Movie Review

Conversations With God

MPAA Rating: PG for thematic elements, some language and a brief accident

Reviewed by: Rev. Bryan Griem
CONTRIBUTOR

Offensive
Moviemaking Quality:

Primary Audience:
Adults, Teens
Genre:
Adventure, Drama
Length:
1 hr. 49 min.
Year of Release:
2006
USA Release:
October 27, 2006 (nationwide—limited)
Copyright, 20th Century Fox
Copyright, 20th Century Fox
Copyright, 20th Century Fox
Copyright, 20th Century Fox
Copyright, 20th Century Fox
Copyright, 20th Century Fox
Copyright, 20th Century Fox
Copyright, 20th Century Fox
Relevant Issues
Copyright, 20th Century Fox

What does God say? Answer

Is Jesus Christ God? Answer

Why does God allow innocent people to suffer? Answer

Are there biblical examples of depression and how to deal with it? Answer

What should a Christian do if overwhelmed with depression? Answer

How can we know there’s a God? Answer

What if the cosmos is all that there is? Answer

If God made everything, who made God? Answer

Featuring: Henry Czerny, Ingrid Boultin, Jerry McGill, Michelle Merring, T. Bruce Page, Vilma Silva, Michael A. Goorjian
Director: Stephen Simon
Producer: Gay Hendricks, Stephen Simon
Distributor: 20th Century Fox

Within every one of us, there is a voice that speaks the truth?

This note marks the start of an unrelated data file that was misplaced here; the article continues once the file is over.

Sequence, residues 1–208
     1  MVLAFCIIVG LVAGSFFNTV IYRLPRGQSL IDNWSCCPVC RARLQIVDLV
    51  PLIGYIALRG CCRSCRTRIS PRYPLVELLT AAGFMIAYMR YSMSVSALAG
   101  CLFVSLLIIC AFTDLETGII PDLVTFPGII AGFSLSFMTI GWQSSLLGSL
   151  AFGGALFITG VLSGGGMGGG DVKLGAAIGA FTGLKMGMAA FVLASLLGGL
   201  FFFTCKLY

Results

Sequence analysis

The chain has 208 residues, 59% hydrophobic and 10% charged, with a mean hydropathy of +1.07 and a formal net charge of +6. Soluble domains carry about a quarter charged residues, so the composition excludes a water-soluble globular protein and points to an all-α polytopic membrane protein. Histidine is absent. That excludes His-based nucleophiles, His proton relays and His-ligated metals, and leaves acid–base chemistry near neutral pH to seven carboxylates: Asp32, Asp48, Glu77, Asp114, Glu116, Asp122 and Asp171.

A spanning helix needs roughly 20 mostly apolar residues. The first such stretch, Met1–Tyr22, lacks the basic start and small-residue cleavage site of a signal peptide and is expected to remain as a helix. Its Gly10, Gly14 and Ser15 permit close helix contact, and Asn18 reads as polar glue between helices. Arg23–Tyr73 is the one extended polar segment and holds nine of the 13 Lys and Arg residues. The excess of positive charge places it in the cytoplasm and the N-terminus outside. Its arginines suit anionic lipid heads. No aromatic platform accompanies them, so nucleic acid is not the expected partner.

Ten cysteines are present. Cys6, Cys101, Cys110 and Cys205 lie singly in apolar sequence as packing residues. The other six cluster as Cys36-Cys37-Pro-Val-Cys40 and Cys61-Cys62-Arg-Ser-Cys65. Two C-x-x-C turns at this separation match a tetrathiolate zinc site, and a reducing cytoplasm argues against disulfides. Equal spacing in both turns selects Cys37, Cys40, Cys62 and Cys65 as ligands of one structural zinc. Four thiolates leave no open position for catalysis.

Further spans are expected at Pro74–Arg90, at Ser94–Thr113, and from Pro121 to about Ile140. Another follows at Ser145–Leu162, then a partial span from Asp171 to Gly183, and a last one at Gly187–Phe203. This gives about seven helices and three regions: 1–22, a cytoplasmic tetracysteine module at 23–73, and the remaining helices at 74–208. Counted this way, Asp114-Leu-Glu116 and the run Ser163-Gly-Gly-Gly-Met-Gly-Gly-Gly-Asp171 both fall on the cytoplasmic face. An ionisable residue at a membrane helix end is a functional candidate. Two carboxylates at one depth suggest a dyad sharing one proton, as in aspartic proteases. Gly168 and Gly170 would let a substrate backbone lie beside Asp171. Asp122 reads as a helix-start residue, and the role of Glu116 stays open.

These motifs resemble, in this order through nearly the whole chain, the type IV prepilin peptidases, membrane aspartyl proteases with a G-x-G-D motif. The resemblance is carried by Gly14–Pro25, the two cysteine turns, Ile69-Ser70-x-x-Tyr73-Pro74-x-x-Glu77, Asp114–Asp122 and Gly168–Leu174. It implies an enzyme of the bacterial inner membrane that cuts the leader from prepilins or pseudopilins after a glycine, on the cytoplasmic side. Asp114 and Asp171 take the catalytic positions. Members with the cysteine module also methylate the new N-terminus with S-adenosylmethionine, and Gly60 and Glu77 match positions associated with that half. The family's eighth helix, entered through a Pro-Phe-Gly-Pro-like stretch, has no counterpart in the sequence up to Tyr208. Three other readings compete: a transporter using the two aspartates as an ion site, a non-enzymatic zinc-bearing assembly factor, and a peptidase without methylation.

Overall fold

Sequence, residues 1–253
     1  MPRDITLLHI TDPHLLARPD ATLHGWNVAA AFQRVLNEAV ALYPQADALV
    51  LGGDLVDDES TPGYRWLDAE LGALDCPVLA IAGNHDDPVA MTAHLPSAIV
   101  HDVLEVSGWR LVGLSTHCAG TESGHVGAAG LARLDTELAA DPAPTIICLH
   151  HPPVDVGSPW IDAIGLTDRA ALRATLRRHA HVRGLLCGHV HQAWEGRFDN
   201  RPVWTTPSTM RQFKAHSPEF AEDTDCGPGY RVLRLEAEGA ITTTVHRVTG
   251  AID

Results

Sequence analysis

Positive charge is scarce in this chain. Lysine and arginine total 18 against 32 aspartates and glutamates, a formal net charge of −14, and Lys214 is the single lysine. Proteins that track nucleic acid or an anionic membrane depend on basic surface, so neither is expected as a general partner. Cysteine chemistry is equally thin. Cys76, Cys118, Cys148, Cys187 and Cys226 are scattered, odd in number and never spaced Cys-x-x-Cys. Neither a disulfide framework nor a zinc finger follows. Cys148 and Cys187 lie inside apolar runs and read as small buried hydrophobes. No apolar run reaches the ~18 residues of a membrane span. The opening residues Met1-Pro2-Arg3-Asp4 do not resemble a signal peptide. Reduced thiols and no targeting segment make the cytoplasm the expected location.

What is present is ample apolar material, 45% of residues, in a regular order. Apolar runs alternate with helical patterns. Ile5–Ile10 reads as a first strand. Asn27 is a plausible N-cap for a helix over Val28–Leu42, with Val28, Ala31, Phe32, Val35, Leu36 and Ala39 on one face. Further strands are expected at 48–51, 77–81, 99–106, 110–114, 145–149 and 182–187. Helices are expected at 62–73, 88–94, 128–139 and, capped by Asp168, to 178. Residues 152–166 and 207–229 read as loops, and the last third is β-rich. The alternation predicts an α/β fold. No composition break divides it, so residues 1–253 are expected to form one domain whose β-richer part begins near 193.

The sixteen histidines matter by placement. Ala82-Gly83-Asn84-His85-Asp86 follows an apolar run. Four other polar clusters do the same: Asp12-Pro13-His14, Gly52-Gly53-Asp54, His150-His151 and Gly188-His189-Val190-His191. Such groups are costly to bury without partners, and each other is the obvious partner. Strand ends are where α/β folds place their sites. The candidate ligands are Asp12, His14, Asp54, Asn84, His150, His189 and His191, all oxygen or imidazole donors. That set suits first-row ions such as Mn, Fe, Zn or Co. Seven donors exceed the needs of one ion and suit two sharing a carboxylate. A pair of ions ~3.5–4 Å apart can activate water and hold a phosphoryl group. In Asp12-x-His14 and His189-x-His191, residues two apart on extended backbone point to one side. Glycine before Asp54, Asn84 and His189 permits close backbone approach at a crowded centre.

With barely anytime spent in the theater seat, it is easily perceived that whatever conversations author Neale Donald Walsch thought he was having with God, were but his own mental meanderings, and those, none too Christian. He states that God speaks to individuals in their own voice, and for the duration of the movie, Neale speaks to himself mentally, and calls it “God.” Most would call it “talking to yourself.”

The movie flashes back and forth in time, but the real beginning has the near fifty year-old Walsch getting along fine in the world, when, while riding through an intersection, his vehicle received a violent side impact by another car traveling through at break-neck speed. The collision does just that, breaks his neck, and with it, his quality of life… which spirals to the absolute bottom. Unable to pay his bills and hold a job, not to mention, physically hold his head up, Walsch becomes a starving, homeless man, living in an Oregon park and eating out of garbage cans. It’s a frightening prospect for anyone who thinks they have job security and their retirement all planned.